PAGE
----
This was originally posted in the old forums by Jim Harring (Not sure what happened to him, but as you can see, he had invaluable experience!)
Some tips from a former news shooter:
For home videos of say, the kids, or a vacation trip - try to tell a story. The story can be very simple: we got out of the car, hiked up a mountainside, saw a great view, had lunch, hiked back, and maybe it rained some. The audience wants a logical story from your video, be sure to give it to them. Random acts of video is boring!
Edit mercilessly - I shot 5 hours of raw video; I will end up using less than one hour's worth in the final output. Remember, video is not all-you-can-eat, but a gourmet restaurant.
Consider a fluidhead tripod. The fluidhead makes tilts and pans smoother.
Consider a steadicam-junior, or one of the competitors to it. Frankly I jury rigged one and it works "good enuf."
If you handhold your camcorder - always think "tripod." Anchor your elbows on your chest (or gut) and have the finder against your eye. Three points of contact, just like a tripod. This can vary, e.g. eyepiece snug and arms resting on a table. Or putthe camera on a rock.
Watch the news and other shows, usually, it's a series of "locked down" camera shots; while the camera will follow the movement, it is unobtrusive. Editing is the key that puts the story together, not camera movements.*
Pan and zoom for a REASON, don't try to "sweep" the landscape like an army radar. If you do a "zoom for effect", consider doing a reverse of the zoom. Sometimes in post, you will find what you thought would work out in the field, doesn't and you will wish you had shot the reverse (e.g. zooming in, vs out)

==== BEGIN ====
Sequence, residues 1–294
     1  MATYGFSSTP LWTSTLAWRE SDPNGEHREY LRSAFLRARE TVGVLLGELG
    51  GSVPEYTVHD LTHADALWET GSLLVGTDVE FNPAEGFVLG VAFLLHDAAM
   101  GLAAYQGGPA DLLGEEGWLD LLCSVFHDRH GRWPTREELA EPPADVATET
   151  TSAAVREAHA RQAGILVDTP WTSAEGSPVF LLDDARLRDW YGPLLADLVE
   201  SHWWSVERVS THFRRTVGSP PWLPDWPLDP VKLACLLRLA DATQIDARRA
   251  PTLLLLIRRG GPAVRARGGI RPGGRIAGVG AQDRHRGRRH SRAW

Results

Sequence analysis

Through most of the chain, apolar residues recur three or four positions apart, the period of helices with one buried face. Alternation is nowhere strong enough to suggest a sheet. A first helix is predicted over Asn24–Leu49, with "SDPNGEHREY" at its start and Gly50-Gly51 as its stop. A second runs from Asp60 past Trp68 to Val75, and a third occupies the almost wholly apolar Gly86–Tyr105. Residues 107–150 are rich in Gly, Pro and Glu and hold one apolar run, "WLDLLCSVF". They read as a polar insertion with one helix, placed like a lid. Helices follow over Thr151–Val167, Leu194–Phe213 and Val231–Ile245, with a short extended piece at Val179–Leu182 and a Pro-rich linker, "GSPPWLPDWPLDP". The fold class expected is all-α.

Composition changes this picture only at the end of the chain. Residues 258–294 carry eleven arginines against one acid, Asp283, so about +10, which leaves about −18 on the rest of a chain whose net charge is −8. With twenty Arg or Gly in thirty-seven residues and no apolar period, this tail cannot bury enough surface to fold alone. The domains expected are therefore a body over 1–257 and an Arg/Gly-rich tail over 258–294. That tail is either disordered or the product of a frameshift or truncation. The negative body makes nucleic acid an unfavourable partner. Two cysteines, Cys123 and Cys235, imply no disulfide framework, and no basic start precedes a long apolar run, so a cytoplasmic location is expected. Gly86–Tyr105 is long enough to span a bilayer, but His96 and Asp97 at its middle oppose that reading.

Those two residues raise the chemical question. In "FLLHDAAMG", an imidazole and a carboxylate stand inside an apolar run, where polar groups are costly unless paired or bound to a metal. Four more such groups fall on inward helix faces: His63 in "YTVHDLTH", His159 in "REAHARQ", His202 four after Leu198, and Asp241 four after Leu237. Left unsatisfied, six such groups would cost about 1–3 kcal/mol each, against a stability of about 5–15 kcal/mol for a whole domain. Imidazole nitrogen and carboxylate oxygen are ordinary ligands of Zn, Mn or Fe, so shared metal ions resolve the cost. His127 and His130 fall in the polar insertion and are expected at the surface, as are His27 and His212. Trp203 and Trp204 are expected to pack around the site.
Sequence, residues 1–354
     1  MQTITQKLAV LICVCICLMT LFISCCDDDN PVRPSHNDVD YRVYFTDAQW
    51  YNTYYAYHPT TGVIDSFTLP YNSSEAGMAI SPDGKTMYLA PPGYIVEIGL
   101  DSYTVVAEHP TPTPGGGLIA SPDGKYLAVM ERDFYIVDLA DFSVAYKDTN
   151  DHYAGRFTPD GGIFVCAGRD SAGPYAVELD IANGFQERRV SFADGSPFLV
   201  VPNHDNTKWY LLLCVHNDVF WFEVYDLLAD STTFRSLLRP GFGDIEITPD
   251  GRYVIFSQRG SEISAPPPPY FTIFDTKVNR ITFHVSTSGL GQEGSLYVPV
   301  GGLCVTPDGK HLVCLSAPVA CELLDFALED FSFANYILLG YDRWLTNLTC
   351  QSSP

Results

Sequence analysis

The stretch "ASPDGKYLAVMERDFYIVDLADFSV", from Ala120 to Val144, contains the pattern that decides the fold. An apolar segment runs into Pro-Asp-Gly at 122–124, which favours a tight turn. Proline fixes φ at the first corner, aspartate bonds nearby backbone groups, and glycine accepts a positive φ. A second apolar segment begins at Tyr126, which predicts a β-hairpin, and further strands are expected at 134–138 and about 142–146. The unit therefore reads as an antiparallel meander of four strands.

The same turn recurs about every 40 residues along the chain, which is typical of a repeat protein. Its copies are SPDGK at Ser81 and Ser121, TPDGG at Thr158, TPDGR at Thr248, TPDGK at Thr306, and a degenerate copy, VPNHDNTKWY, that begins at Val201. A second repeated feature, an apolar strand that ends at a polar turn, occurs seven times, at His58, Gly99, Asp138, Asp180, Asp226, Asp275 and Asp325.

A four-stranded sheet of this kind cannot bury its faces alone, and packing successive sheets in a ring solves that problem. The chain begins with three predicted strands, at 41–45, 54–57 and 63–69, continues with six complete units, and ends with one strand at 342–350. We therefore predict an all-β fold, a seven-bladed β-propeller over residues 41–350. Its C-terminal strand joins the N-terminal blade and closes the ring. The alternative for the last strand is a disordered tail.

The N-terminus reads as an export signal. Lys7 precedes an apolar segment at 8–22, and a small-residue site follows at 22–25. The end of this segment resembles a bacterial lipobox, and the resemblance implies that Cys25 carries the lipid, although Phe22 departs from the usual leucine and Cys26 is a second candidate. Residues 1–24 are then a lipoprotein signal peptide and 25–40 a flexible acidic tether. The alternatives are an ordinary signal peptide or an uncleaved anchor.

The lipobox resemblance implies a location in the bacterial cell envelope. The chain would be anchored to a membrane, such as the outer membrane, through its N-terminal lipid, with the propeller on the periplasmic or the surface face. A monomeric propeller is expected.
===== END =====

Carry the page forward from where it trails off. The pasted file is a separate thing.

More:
Again do movement for a reason: a zoom in to highlight a feature not apparent in the wide shot. or zoom out to show that feature "tight" and later on where it "fits" in the picture. Useful also to lend scale, e.g. climber on mountain peak. I harp on camera movement, because it is the biggest thing that separates the home video crowd from the serious people.
A great substitute to a broad pan or zoom is to establish a wide shot, or medium shot. Then shoot individual tight shots. In post, you can do nice dissolves.
Shooting people: Shoot at subjects eye level, maybe a little above or below.* Get on your knees for kids.
Remember the "perp walk" the guy in handcuffs w/ a news camera in his face. We shooters shot him that way 'cause when u get in close and stay wide, the cameraman's shakiness is minimized, even when the shooter is moving with the action.
The tighter the zoom, the more you need good "legs" (Tripod) to stand on.
Be aware of the light. Lighting can make a subject look flat or dynamic. Observe people carefully, you will find cool angles with experience. Mostly, I try to not shoot towards the sun.
Watch out for strong backlight- don't be afraid to close curtains etc. to knock it down. Who wants to see shilouhettes?
Shoot anough video so the person who edits it can acutally edit it. At least 10 seconds of each shot, if possible. Also try to get two takes when possible. Someone's scratching their nose somewhere in your raw tape. Also, Plan on a tape creases, etc. ruining your tape.
Have tape head cleaner, lens cleaner, battery, spare tape handy.
A small piece of sticky back velcro on the lens cap and the opposite piece on the camcorder in an unobtrusive place will keep the lens cap from getting in your shot or flapping in the breeze.
*All rules are made to be broken. Sometimes for dramatic effect a fast zoom or perhaps looking up at a person (like they are a giant) is effective. But break the rules for a specific reason, not out of ignorance.
...and remember, you are telling a story. If you can plan the story in advance, you will better situate yourself to get the shots that embellish the story. If you randomly "spray and pray" well, it'll look like a home movie.